As far as Sanity goes, I find the Call of Cthulhu rules a little cumbersome now, its such a larger number of points and no other trait is measured that way. 

Personally I like the rules from Renaissance for Sanity Points and the rules from RQ6 for Tenacity Points (see Luther Arkwright) which brings the scale of the points down to a more workable level of points, and includes concepts like resilience or mental protection. 

This rules consistency just seems to work better for me.

I can agree with that. I like the Tenacity Points in RQ6. I still need to read Renaissance. I have a PDF from a Bundle on my hard drive. I keep hearing how great it is, but never get to it. I think I am just afraid that if I read it,  I will be compelled to buy all the Cakebread and Walton books, which I suppose is the reason they stuck it in a Bundle in the first place. 

6 hours ago, TrippyHippy said:

I have an issue with this insofar that Sanity and Magical affinity are actually polar opposite. I like the way they reach this dichotomy in the Aquelarre RPG, which is being translated and Kickstarted currently. In that game there is a two ended stat for Rationality and Irrationality. The former presents willpower and resistance to magic - akin to Sanity - and the latter towards an affinity for Irrational things - like a belief in Magic.

The issue has always been highlighted in CoC as an issue - the whole "How did Sorcerer's get that way?" when they have High POW but are insane.

So a Sane person, grounded in a rational perspective of the world, would not have a great affinity to an alien, magical paradigm. They wouldn't believe in it!. They'd be resistant to magic, as well as other psychological trauma but wouldn't have more innate magical Power.

You can't make that distinction while Sanity and Power are linked, especially if the two are combined into one pool.

This is my feeling. Obviously, we are getting deep into subjective territory, as we are talking about how magic "really" works. But what you are describing fits the way I see Lovecraftian magic working. 

I ran a Savage Worlds game with Lovecraftian elements once. It has a Sanity system where the score can go positive or negative with 0 as a midpoint. In needing to add Lovecraftian spells to the game, I had to decide between the standard SW approach of magic being a special ability certain characters had, and the CoC approach of letting anyone perform a spell.

I settled on a house rule that Lovecraftian magic only worked once you hit 0 or lower Sanity. It gave a mechanical purpose to the idea of harrowing magical initiations. They helped an initiate get their Sanity down to a level where they could actually cast spells. It worked very well. I might need to find a way to translate the concept over to CoC  and Delta Green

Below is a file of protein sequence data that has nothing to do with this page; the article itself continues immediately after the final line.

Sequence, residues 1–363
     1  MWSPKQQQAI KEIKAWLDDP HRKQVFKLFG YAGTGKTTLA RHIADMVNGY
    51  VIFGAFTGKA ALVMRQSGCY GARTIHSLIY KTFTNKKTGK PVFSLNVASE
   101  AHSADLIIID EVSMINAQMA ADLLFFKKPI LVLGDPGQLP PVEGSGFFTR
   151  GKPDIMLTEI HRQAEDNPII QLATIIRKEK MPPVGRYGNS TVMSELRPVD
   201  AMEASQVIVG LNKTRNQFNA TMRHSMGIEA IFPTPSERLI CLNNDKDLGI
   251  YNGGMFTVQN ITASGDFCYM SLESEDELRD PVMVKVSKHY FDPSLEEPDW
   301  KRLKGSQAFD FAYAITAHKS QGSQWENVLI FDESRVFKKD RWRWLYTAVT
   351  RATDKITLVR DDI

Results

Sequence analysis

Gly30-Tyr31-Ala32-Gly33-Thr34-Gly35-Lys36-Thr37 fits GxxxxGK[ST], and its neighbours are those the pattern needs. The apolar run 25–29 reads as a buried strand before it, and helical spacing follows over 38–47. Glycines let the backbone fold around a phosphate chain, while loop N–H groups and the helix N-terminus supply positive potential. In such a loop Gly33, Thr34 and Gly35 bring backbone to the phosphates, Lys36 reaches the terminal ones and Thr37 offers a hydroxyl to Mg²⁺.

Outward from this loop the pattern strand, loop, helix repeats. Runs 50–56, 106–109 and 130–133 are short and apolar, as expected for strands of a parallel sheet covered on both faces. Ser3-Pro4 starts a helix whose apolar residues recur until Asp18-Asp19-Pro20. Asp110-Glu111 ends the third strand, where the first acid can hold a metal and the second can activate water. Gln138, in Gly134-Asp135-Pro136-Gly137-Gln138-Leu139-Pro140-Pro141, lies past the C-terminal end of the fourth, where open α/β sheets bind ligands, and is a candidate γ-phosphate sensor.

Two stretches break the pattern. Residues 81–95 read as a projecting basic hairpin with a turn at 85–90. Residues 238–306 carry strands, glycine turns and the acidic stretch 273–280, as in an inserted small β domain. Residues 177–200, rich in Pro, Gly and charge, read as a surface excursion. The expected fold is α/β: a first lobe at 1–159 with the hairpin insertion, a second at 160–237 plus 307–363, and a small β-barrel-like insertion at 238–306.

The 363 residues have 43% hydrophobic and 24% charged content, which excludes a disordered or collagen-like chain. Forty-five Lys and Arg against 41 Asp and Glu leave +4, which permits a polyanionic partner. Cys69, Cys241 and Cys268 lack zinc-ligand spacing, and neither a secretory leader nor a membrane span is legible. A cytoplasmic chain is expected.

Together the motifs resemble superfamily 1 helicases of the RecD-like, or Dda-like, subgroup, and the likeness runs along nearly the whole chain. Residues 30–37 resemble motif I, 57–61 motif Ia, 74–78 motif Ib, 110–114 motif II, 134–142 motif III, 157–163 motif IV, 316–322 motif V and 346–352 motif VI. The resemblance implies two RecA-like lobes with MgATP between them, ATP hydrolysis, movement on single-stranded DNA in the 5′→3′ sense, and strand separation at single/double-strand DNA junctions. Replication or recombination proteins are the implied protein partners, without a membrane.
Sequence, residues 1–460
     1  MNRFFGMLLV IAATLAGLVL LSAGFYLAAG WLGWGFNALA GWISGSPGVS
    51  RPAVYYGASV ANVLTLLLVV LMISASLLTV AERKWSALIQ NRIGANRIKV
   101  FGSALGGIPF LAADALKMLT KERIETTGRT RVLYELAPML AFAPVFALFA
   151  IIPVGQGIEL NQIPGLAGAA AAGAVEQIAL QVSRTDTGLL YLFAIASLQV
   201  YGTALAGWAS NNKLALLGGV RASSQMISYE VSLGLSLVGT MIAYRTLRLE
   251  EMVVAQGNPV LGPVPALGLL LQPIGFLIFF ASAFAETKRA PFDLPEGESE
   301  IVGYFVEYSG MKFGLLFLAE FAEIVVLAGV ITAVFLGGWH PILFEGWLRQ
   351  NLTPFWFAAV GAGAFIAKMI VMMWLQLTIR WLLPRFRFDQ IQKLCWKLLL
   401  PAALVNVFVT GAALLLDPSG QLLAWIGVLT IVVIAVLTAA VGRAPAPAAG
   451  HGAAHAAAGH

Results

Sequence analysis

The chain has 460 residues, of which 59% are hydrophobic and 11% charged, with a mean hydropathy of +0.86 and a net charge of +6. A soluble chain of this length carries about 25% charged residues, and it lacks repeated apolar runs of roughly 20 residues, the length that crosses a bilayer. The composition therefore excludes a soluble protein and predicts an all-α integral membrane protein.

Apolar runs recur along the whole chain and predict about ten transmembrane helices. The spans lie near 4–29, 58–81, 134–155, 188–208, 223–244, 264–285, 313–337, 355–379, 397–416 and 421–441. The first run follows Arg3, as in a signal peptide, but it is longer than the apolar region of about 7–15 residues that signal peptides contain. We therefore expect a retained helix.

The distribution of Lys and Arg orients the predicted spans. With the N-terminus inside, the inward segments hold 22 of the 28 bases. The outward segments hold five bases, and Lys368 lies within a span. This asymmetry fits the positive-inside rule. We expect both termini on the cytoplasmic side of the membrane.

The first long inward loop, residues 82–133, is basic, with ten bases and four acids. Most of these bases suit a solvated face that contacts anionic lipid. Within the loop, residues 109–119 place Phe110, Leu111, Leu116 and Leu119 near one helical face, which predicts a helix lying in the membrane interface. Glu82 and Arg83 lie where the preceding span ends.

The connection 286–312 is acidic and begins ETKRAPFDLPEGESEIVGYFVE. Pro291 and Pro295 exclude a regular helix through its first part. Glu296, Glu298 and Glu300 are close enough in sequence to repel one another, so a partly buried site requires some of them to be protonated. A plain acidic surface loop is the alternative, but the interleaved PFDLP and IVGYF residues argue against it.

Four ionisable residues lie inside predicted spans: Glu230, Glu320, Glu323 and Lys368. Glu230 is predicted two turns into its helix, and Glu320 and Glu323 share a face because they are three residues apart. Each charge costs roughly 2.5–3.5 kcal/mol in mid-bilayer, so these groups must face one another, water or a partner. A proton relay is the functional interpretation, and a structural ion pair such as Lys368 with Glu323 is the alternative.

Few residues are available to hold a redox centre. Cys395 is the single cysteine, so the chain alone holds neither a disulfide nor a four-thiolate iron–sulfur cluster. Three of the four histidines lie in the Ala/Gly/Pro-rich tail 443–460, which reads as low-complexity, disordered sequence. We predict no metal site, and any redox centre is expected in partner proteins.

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I've personally always disliked Sanity systems, even though I've incorporated some into certain systems I've written. I understand how in a CoC or similar system game they would be critical, which includes most horror settings. I prefer to let the players feel like they are the heroes they want to play instead of the typical person from our world. Some prefer this and there is nothing wrong with that, I just like to play settings that are more heroic.

All this to say that however Chaosium works the new Sanity system, won't affect me or my group much. I wouldn't get too worked up about it as far as Sanity in a realistic sense goes, anything can make someone breakdown, not just a comparison to a "magical" ability.

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  • 3 weeks later...
On 7/11/2015 23:54:02, auyl said:

I've personally always disliked Sanity systems, even though I've incorporated some into certain systems I've written. I understand how in a CoC or similar system game they would be critical, which includes most horror settings. I prefer to let the players feel like they are the heroes they want to play instead of the typical person from our world. Some prefer this and there is nothing wrong with that, I just like to play settings that are more heroic.

This is precisely why, in my humble opinion, Sanity rules are vital ... As optional rules. In some campaigns (Lovecraftian stories, for instance), Sanity checks are crucial. In some other (Hellboy stories, for instance), they would just ruin the game ... The Big Golden Book did a very good job here. I hope the new BRP Essential will did something like that (even if things are changed a bit).